Book Reviews and More

Hi! This blog is for my classes at Texas Woman's University.

Thursday, August 14, 2014

Thoughts on Picture Books

As I mentioned Monday, I recently finished reading all the picture books on the 2 X 2 reading list. I am currently working on several picture book manuscripts, so for me, it is especially interesting to see what type of books are being published.

I read a lot of picture books. With my son, we usually average about two a day, so the numbers pile up pretty quickly. While we re-read quite a few of his favorites, we are also frequent library patrons, so we often try out new picture books as well as the classics.

We often hear from editors and agents that taste is subjective - that what doesn’t appeal to one person may be just the right thing for another. In fact, that’s just what was mentioned in my most recent rejection letter.  After reading so many picture books this summer, I have to say that seems to be very true.

In looking for picture book patterns, there is definitely a trend toward shorter picture books. There is often a lot more snarky humor now than in picture books from the past. But overall, the range in styles, subjects, and complexity is still quite broad. Right when you think they aren’t making any more quiet bedtime books - you find a new one. Editors and agents may tell you they don’t want ABC books, and then one appears on all the recommended reading lists. Authors are told to keep their word count fewer than 500 words, and then a 1500 word picture book is released to rave reviews.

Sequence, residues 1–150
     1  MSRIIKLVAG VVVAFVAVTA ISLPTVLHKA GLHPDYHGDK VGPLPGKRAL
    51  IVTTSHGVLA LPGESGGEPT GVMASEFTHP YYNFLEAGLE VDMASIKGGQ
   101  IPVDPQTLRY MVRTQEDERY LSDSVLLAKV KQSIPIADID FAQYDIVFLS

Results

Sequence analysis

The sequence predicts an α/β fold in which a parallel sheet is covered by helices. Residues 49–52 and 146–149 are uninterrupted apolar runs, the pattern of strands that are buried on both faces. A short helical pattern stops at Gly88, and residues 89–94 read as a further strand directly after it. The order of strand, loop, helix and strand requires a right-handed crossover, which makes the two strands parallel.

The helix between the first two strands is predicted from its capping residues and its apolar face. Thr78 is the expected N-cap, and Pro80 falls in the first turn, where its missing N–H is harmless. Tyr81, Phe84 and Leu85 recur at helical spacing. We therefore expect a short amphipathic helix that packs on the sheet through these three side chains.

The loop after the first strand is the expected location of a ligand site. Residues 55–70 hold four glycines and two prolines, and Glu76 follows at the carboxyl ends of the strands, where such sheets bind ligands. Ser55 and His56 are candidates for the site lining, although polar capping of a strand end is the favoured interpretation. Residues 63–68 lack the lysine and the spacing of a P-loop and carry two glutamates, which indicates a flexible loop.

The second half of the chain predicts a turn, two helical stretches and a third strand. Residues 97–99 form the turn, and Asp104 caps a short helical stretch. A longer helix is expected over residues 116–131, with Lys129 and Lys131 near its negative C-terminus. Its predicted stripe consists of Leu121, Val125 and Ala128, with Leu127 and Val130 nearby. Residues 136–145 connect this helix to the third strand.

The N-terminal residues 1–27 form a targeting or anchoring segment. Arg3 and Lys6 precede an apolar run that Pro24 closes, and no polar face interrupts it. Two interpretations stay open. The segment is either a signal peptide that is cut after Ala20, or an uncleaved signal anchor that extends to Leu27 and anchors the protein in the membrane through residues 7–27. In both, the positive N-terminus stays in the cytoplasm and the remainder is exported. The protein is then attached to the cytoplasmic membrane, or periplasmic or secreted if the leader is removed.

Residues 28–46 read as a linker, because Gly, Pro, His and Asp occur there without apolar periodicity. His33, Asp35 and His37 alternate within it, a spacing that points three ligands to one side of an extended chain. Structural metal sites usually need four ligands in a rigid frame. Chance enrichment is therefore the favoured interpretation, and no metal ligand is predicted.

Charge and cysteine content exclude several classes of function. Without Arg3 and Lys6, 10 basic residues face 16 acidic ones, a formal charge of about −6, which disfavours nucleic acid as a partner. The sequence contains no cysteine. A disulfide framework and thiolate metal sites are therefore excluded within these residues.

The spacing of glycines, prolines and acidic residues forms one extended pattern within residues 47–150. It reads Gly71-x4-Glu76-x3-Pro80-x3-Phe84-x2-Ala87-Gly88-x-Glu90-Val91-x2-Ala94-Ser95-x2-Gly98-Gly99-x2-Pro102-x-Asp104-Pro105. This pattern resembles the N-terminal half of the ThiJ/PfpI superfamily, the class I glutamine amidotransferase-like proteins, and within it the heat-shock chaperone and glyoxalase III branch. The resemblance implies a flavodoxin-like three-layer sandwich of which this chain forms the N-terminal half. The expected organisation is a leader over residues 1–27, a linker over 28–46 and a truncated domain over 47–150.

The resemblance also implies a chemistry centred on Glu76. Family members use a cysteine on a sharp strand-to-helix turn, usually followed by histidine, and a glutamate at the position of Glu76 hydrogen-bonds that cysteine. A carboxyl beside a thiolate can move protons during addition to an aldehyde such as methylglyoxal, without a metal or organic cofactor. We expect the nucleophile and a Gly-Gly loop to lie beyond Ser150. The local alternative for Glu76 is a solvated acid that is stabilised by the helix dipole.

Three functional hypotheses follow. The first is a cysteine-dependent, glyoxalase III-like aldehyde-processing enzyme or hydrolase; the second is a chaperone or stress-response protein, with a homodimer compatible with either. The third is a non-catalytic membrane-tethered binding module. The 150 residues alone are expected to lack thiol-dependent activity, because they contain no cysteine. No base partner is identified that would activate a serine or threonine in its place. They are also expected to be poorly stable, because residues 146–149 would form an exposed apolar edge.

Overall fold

What’s a struggling author to do with all of these mixed messages? It is helpful to try and pay attention to the patterns, especially in the competitive market of picture books. Perhaps though, it is more helpful to work on the craft of writing to help your picture book stand out. The better of a writer you become, the less you will need all those extra words, and the easier it will be to cut down your word count. The more you expose yourself to all different types of stories, the richer you can make your own story. The more you experiment with strategies like different points of view, rhythmic patterns, lyrical writing, and unique voice, the stronger your manuscript will become. Picture books may seem simple on the surface, but they require the same elements of a good story as a longer work. So let’s keep honing our craft to create beautiful, fun picture books. The market for a broad range of stories is still out there, and even more importantly, there are children (and parents) waiting for your contribution to it. 


  1. "Perhaps though, it is more helpful to work on the craft of writing to help your picture book stand out." True for all genres and age groups!

    1. Vonna - you are so right! It is true across the board - nonfiction and fiction, all genres and ages - working on the craft of writing is so important. Thanks for chiming in!